Yesterday, the House of Lords made a major change to the Dissolution and Calling of Parliament Bill. Lord Judge successfully moved an amendment that would give the House of Commons a veto over the dissolution of Parliament.
I’ve discussed the Bill in more detail elsewhere, but the gist is that it would repeal the Fixed-term Parliaments Act 2011 and restore the Sovereign’s power to dissolve Parliament under the prerogative. Unlike most other royal powers (which must be exercised in accordance with ministerial advice), the Monarch traditionally had an element of discretion when dealing with a Prime Minister’s request for a dissolution.
Because the Bill would make dissolution non-justiciable, the Sovereign would be the only one who could police the power. That has the potential to put the Palace in an awkward position. Convention dictates that the Monarch must remain above the political fray, but refusing a Prime Minister’s request for a dissolution could drag the Crown into partisan controversy.
Lord Judge alluded to this difficulty when moving his amendment:
Whatever the position was in 1950, the idea that the sovereign can, in response to the Prime Minister who advises or requests—what a wonderful argument that has been—a Dissolution, refuse it, is completely inconceivable; it is beyond the fairies. We cannot have the monarch turning down the elected Prime Minister’s request for Dissolution without becoming utterly enmeshed in party politics.
In the past, the Sovereign was protected by a strong ethos of deference that discouraged ministers from doing anything that might embarrass the Crown. But in a hyper-partisan age where the ends increasingly seem to justify the means, future monarchs might feel that they have no choice but to grant every request for a dissolution, no matter how problematic. The 2019 prorogation controversy shows how the Monarchy could easily find itself in a no-win situation. Keeping dissolution disputes away from the Palace might well be the safest course of action.
Of course, it’s debatable whether Lord Judge’s amendment itself constitutes a meaningful check on the Prime Minister’s power. Under the FTPA, an early dissolution generally required the support of 2/3 of MPs. By requiring cross-party support, it was supposed to discourage Prime Ministers from opportunistically seeking early elections. However, if dissolution only requires a simple majority, Prime Ministers will likely be able to have elections whenever they want. But Lord Judge’s amendment also arguably serves a symbolic purpose as well. As Lord Lansley put it:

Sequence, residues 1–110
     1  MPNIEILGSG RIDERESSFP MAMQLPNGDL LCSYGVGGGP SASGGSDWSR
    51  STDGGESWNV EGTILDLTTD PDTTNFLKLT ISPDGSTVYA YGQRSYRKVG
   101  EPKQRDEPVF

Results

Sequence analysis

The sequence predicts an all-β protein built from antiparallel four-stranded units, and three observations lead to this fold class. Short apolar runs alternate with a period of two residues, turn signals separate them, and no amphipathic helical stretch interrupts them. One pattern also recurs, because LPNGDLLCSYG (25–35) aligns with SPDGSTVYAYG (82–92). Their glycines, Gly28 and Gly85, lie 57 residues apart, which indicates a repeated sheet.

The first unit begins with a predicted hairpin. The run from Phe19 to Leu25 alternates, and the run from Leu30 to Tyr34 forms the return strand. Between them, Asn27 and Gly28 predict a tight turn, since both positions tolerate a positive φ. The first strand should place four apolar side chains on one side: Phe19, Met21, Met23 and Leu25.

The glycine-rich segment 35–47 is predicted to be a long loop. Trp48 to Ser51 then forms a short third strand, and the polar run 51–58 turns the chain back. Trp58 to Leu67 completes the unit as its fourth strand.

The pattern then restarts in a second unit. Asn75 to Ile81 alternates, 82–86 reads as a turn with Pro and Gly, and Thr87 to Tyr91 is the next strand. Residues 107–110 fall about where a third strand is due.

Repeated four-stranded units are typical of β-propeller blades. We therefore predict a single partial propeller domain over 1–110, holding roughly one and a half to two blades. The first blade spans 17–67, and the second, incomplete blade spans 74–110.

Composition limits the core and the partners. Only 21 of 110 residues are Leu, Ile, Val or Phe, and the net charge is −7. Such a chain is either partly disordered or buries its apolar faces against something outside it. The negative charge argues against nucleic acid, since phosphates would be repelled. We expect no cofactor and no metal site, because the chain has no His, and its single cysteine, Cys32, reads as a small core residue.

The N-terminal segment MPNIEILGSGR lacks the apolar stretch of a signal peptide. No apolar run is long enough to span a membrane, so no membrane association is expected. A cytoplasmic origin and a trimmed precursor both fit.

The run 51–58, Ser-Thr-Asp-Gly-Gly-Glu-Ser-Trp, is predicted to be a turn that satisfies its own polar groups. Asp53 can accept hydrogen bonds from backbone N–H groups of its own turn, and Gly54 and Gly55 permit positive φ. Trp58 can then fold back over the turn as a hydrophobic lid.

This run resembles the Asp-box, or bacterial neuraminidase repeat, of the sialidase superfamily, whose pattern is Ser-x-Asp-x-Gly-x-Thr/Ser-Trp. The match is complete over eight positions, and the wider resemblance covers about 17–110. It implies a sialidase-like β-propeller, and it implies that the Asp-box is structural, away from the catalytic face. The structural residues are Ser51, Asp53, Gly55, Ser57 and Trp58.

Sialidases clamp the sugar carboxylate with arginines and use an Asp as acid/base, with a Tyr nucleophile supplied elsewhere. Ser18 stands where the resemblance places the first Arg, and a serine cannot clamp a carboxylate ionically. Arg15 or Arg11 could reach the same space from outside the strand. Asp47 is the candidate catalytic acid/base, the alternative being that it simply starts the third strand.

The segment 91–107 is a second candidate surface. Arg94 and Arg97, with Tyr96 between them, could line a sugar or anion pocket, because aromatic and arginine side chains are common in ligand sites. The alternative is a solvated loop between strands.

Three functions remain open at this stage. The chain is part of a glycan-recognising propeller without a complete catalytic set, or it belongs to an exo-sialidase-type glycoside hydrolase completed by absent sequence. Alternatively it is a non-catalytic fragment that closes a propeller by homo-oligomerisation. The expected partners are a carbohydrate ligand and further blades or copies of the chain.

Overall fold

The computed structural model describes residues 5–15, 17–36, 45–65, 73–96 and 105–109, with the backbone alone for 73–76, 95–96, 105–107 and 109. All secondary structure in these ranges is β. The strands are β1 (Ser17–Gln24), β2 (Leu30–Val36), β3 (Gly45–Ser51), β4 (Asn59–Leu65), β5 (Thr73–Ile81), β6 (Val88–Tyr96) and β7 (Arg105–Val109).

[W]e should give an opportunity not to restore the prerogative in the form in which it existed in the past but to qualify it by reference to what is the reality of our constitution—that sovereignty rests in the sovereign in Parliament, that that must be reflected by a majority in the House of Commons.
In other words, it’s a classic British constitutional fudge.
Ultimately, Lord Judge’s amendment probably won’t make it onto the statute book. The Government will likely be able to overturn it when the Bill returns to the Commons. Peers will then need to decide whether to insist on their amendment or give way. Since this is a manifesto bill, the Upper House will likely yield in the end, though it may take a few rounds of ‘ping pong’ before the matter is settled.
 As is often the case with the British constitution, the precise scope of that discretion was and is contested.
 Clause 3 of the Bill states that: “A court or tribunal may not question— (a) the exercise or purported exercise of the powers referred to in section 2, (b) any decision or purported decision relating to those powers, or (c) the limits or extent of those powers.”
 In 1950, King George VI’s Private Secretary wrote a pseudonymous letter to The Times setting out the principles that guided the Sovereign’s response to a request for a dissolution.
 HL Debates, 9 February 2022, col. 1585.
 For example, William Gladstone was frequently at loggerheads with Queen Victoria, yet he never aired his grievances publicly.
 It’s worth remembering that not every monarch will have the auctoritas of Elizabeth II.
 Section 2(1)(b). However, votes of no confidence could also trigger an early election in certain circumstances, and they only required a simple majority.
 In 2017, MPs overwhelmingly supported Theresa May’s request for an early election even though it was nakedly opportunistic. Of course, it didn’t quite work out the way she’d planned…
 During the debate on Lord Judge’s amendment, some peers argued that this amendment was a recipe for the kind of paralysis that marked the latter part of 2019. But the issue there was the need for a 2/3 majority. Had a simple majority been sufficient, the Government would have prevailed a lot sooner.
 HL Debates, 9 February 2022, col. 1588.
 I’ve long thought that the FTPA went too far by entirely removing the Sovereign from the process of ending a Parliament.